The Socio-Economic Challenges in Post Neonatal Tetanus


Background: Tetanus has remained a major public health problem worldwide although it is a vaccine preventable disease. It is a major contributor to under-five morbidity and mortality globally. Its effect is worse in developing countries such as Nigeria. Aims and Objectives: To highlight the socio-economic challenges in the management of Post neonatal tetanus at the University of Port Harcourt Teaching Hospital, Nigeria. Study Design: A Retrospective Descriptive study. Place of Study: University of Port Harcourt Teaching Hospital. Methods: Report of the socio-economic challenges in the management of three consecutive cases of Post neonatal tetanus at the University of Port Harcourt Teaching Hospital from February to April 2015 was studied. Data on socio-economic variables were retrieved from case notes of the patients. Results: These were three patients, two females and a male. Their ages were 11 years old of the two females and 14 years old of the male. None was immunized with tetanus toxoid in infancy. All three children survived. They were all from low socio-economic class, two mothers were petty traders while one was unemployed, only one mother had complete secondary education. One mother was immunized in pregnancy, while one mother was married. Conclusions: The socio-economic challenges of tetanus are immense, but could be prevented by simple measures such as education of the girl child, immunization of all school children, raising community awareness among other measures, and strengthening the school health program.

Share and Cite:

Eberechukwu, Y. and Angela, B. (2015) The Socio-Economic Challenges in Post Neonatal Tetanus. Modern Economy, 6, 1327-1332. doi: 10.4236/me.2015.612125.

Conflicts of Interest

The authors declare no conflicts of interest.


[1] Arnon, S.S. (2007) Tetanus (Clostridium tetani). In: Nelson Textbook of Paediatrics, Chapter 208, 18th Edition, 1228-1230.
[2] WHO (2006) Tetanus Vaccine-WHO Position Paper. Weekly Epidemiological Record, 81, 197-208.
[3] Gbadegesin, R.A., Adeyemo, A.A. and Osinusi, K. (1996) Childhood Post Neonatal Tetanus. Nigerian Journal of Paediatrics, 23, 11-15.
[4] Nte, A.R., Mayuku, A. and Oruamabo, R.S. (2002) Neonatal and Post Neonatal Tetanus—The time to Act Is Now. Nigerian Journal of Paediatrics, 29, 85.
[5] Akuhwa, R.T., Alhaji, M.A., Bello, M.A. and Bulus, S.G. (2010) Post Neonatal Tetanus in Nguru, Yobe State, North-Eastern Nigeria. Nig Med Pract, 51, 40-42.
[6] Liu, L., Johnson, H.L., Cousens, S., Perin, J., Scott, S., Lawn, J.E., Rudan, I., Campbell, H., Cibulskis, R., Li, M., Mathers, C., Black, R.E., and for Child Health Epidemiology Reference Group of WHO and UNICEF (2012) Global, Regional, and National Causes of Child Mortality: An Updated Systematic Analysis for 2010 with Time Trends since 2000. Lancet, 379, 2151-2161.
[7] Federal Ministry of Health (2005) Situation Analysis. National Child Health Policy, Nigeria. Federal Ministry of Health, Abuja.
[8] Borrow, R., Balmer, P. and Roper, M.H. (2007) The Immunological Basis for Immunization Series—Module 3: Tetanus Update 2006. This Module is a Revision of Artur Galazka’s 1st Edition (WHO/EPI/GEN/93.13) and Was Produced for Immunization, Vaccines and Biologicals, WHO Edition. World Health Organization, Geneva.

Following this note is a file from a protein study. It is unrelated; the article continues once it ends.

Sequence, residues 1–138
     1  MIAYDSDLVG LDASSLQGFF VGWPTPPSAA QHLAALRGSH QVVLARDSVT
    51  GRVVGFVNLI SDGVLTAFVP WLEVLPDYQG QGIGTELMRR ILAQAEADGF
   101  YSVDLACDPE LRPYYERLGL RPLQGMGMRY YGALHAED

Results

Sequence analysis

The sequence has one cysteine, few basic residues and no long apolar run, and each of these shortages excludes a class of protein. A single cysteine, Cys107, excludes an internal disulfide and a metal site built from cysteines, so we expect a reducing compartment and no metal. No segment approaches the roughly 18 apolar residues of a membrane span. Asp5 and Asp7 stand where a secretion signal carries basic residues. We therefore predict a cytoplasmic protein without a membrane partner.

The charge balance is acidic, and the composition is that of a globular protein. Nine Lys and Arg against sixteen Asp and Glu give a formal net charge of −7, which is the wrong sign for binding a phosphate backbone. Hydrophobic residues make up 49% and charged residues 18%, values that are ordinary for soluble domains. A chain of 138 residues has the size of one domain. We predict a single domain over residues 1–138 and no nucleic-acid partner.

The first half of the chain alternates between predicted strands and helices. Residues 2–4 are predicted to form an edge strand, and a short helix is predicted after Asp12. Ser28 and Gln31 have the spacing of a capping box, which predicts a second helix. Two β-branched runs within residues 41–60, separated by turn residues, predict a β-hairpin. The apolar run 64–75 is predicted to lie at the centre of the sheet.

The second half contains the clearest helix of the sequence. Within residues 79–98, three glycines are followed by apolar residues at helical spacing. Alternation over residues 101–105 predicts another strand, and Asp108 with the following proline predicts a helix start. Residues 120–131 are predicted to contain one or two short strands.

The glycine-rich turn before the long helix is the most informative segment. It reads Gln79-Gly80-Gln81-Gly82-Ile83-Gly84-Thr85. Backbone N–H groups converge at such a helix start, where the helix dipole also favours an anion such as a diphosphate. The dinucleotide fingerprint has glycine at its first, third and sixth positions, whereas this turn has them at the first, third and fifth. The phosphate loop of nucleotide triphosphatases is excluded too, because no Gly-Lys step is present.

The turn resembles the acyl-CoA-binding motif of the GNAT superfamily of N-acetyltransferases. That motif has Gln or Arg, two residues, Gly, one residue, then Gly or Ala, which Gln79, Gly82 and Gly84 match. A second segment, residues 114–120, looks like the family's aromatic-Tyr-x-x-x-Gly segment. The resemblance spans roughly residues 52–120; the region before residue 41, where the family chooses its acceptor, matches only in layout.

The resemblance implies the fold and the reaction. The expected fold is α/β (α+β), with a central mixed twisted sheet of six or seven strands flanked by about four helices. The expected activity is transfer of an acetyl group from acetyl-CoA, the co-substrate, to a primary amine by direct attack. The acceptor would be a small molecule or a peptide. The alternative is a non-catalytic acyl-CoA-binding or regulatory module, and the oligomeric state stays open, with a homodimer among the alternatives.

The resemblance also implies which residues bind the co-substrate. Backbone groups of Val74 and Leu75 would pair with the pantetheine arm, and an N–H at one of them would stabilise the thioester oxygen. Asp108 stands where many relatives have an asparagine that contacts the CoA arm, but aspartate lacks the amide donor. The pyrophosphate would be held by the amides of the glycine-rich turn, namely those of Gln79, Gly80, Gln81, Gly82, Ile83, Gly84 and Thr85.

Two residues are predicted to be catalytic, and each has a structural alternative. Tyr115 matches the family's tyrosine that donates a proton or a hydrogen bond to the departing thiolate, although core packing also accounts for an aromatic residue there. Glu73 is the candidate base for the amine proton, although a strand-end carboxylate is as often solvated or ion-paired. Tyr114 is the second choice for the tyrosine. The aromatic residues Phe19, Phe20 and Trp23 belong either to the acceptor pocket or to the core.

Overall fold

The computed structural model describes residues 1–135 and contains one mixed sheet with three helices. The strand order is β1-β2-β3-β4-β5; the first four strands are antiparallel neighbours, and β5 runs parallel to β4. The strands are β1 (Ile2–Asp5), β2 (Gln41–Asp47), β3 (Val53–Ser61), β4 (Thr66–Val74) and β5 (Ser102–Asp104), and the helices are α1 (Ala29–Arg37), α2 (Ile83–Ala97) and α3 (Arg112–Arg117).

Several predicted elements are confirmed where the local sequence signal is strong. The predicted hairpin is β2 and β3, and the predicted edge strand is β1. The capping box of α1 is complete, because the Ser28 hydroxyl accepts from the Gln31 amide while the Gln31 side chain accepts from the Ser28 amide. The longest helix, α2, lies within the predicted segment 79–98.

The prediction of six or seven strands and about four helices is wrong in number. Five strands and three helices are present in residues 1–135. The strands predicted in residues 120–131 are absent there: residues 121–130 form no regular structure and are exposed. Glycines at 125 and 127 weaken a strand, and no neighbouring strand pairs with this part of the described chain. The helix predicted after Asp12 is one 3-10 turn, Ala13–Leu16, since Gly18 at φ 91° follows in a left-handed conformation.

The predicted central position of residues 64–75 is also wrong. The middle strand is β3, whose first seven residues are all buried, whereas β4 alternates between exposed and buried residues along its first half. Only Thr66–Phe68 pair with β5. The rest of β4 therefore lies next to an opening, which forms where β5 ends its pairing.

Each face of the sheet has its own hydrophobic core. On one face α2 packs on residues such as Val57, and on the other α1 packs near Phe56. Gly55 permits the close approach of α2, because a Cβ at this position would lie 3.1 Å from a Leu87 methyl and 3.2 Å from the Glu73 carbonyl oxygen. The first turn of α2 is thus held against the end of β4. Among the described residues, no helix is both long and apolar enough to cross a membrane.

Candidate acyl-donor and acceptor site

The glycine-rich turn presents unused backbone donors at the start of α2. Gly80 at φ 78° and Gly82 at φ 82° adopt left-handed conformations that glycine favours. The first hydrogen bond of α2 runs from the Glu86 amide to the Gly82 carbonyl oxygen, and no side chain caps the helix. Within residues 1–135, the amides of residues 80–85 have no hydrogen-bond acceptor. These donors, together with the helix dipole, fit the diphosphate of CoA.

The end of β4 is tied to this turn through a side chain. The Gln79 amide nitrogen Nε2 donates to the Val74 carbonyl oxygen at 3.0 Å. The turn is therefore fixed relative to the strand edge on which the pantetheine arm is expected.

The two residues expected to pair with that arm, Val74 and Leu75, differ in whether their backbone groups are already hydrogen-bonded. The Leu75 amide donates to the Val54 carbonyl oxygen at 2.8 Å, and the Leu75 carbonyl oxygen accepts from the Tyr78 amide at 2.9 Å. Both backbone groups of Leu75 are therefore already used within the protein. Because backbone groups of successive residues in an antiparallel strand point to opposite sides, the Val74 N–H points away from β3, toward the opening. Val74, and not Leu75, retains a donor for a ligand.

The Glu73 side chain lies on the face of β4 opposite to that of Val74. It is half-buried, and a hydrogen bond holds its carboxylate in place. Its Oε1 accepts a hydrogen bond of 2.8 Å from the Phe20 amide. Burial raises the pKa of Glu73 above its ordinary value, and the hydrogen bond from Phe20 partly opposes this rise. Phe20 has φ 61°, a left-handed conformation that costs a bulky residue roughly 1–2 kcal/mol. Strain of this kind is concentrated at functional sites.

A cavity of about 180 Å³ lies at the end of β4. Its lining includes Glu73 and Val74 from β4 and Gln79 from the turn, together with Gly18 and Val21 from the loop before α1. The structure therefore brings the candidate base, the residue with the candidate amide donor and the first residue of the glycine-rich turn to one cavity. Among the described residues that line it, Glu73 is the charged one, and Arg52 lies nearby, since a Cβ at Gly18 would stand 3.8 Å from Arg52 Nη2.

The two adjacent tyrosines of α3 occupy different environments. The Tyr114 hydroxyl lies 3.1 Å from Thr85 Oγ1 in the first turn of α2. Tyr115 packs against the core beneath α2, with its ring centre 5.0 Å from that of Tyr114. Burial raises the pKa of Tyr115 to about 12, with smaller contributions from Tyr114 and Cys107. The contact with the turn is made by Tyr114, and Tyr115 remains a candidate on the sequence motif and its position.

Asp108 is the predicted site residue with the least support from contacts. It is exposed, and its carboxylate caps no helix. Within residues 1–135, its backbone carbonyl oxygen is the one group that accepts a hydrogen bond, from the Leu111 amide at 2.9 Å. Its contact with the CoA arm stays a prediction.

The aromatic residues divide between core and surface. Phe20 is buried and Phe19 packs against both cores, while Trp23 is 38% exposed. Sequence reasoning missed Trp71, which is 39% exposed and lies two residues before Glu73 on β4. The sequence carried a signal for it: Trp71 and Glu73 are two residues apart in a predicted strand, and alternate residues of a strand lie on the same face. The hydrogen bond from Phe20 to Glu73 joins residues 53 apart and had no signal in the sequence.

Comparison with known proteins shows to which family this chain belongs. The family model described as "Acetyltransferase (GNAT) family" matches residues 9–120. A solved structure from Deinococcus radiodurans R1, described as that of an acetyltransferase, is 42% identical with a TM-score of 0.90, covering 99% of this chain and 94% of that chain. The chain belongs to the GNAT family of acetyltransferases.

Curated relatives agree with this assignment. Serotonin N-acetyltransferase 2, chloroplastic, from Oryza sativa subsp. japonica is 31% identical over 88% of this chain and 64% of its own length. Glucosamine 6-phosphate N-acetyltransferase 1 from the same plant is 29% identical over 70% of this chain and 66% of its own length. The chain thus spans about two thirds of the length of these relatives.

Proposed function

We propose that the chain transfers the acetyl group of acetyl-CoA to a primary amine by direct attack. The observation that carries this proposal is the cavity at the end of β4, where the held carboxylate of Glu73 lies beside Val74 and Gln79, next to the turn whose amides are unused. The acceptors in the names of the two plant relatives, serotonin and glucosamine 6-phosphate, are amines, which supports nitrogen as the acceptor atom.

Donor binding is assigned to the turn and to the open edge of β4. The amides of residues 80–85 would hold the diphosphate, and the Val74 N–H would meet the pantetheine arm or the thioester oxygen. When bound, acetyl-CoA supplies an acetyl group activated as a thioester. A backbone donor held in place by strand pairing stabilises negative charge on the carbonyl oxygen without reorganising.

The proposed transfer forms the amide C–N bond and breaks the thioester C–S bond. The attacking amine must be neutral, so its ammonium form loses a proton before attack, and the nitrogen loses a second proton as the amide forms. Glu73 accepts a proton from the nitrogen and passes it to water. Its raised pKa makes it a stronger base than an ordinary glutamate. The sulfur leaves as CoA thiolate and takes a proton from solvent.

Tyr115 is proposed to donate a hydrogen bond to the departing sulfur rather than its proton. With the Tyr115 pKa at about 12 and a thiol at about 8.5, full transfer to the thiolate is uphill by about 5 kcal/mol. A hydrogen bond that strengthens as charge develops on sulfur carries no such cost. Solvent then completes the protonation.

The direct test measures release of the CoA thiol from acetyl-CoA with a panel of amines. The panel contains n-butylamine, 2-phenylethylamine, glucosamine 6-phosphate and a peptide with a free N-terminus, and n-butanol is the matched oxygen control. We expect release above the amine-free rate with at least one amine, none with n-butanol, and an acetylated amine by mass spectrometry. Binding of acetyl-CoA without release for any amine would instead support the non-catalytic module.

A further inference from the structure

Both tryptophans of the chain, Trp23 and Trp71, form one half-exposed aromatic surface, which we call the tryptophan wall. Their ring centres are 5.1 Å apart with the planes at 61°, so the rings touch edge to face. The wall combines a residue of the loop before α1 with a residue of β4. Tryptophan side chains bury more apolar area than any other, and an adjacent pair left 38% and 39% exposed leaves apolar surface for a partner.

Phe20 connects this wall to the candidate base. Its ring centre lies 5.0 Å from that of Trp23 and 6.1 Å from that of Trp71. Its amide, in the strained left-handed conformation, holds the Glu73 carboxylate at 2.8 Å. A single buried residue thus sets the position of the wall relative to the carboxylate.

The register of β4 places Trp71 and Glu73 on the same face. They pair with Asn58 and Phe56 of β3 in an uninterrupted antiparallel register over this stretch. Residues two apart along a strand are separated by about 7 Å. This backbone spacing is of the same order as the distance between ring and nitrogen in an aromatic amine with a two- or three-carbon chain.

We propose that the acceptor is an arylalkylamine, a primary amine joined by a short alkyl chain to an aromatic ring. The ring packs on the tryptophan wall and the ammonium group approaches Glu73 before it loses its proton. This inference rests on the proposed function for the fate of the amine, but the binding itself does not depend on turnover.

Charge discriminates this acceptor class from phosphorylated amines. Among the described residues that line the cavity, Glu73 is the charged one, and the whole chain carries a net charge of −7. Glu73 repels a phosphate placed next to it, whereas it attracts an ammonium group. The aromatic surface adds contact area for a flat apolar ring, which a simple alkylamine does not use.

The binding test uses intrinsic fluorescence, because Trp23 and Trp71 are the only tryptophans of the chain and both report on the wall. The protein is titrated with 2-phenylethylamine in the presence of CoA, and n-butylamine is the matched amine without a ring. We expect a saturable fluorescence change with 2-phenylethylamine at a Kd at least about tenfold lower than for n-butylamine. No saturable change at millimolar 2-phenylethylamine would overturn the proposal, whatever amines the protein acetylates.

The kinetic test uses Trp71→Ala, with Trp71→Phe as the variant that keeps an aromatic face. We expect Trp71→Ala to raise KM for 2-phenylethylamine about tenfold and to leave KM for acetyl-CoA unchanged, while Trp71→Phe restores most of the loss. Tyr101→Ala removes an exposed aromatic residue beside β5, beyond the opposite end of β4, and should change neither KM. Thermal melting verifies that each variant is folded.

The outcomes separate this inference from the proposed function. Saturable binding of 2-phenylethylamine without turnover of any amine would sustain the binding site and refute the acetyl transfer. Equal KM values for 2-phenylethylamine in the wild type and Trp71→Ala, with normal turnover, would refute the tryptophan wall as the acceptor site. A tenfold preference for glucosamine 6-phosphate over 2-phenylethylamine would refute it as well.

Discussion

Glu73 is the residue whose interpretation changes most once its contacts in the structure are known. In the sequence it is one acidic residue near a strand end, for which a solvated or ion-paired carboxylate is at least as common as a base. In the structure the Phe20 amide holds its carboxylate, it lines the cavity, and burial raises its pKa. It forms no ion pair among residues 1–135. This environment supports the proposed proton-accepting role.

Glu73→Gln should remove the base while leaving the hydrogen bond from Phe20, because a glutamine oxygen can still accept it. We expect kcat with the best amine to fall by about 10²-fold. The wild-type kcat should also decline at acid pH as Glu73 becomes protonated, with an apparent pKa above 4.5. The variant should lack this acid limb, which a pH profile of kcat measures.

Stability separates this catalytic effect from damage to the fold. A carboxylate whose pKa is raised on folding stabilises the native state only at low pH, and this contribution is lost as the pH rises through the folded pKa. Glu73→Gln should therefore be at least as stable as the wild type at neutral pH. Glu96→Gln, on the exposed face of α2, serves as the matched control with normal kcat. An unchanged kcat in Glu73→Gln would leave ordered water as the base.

[9] UNICEF/WHO/UNFPA (2000) Maternal and Neonatal Tetanus Elimination by 2005: Strategies for Achieving and Maintaining Elimination. UNICEF, New York.
[10] Federal Ministry of Health and Human Services (1992) Neonatal Tetanus. Nigerian Bulletin on Epidemiology, 2, 13-16.
[11] Oyelami, O.A., Aladekoko, T.A. and Ononye, F.O. (1996) A 10 Year Retrospective Evaluation of Cases of Post Neonatal Tetanus Seen in a Paediatric Unit of a University Teaching Hospital in South Western Nigeria (1985 to 1994). The Central African Journal of Medicine, 42, 73-75.
[12] Anah, M.U., Etuk, I.S., Ikpeme, O.E., Ntia, H.U., Zneji, E.O. and Archibong, R.B. (2008) Post Neonatal Tetanus in Calabar, Nigeria: A 10 Year Review. Nigerian Medical Practitioner, 54, 45-47.
[13] Fatunde, O.J. and Familusi, J.B. (2001) Post Neonatal Tetanus in Nigeria: The Need for Booster Doses of Tetanus Toxoid. Nigerian Journal of Paediatrics, 28, 35-38.
[14] Ministry of Health (2002) Reducing Inequalities in Health. Wellington.
[15] Adegboye, O.A., Adeboye, M.A.N. and Anoba, S. (2012) Childhood Tetanus; Still a Public Health Concern. A Review of 95 Cases. Savannah Journal of Medical Research and Practice, 1, 20-24.
[16] Alhaji, M.A., Akuhwa, R.T., et al. (2013) Post Neonatal Tetanus in University of Maiduguri Teaching Hospital, North-Eastern Nigeria. Nigerian Journal of Paediatrics, 40, 154-157.
[17] Aboud, S., Matre, R., Lyamuya, E.F. and Kristoffersen, E.K. (2000) Levels and Activity of Antibodies to Tetanus Toxoid in Children Aged 1-15 Years in Dares Salaam and Bagamoyo, Tanzania. Annals of Tropical Paediatrics, 20, 313-322.
[18] Chukwubike, O.A. and Godspower, A.E. (2009) A 10 Year Review of Outcome of Management of Tetanus in Adults at a Nigerian Tertiary Hospital. Annals of African Medicine, 8, 168-172.
[19] National Minimum Wage (Amendment) Act, 2011. Vanguard, February 23, 2011.
[20] Chukwuka, J.O., Ezendu, C.E. and Nnamani, K.O. (2015) Neonatal and Post Neonatal Tetanus in Nnamdi Azikiwe University Teaching Hospital, Nnewi, South-East Nigeria: A 10 Year Review. Tropical Journal of Medical Research, 18, 30-33.
[21] National Planning Commission, UNICEF (2001) The Main Causes of Mortality and Morbidity among Children and Women. In: Children’s and Women’s Rights in Nigeria: A Wake-Up Call: Situation Assessment and Analysis, UNICEF, New York, 40-54.

Copyright © 2022 by authors and Scientific Research Publishing Inc.

Creative Commons License

This work and the related PDF file are licensed under a Creative Commons Attribution 4.0 International License.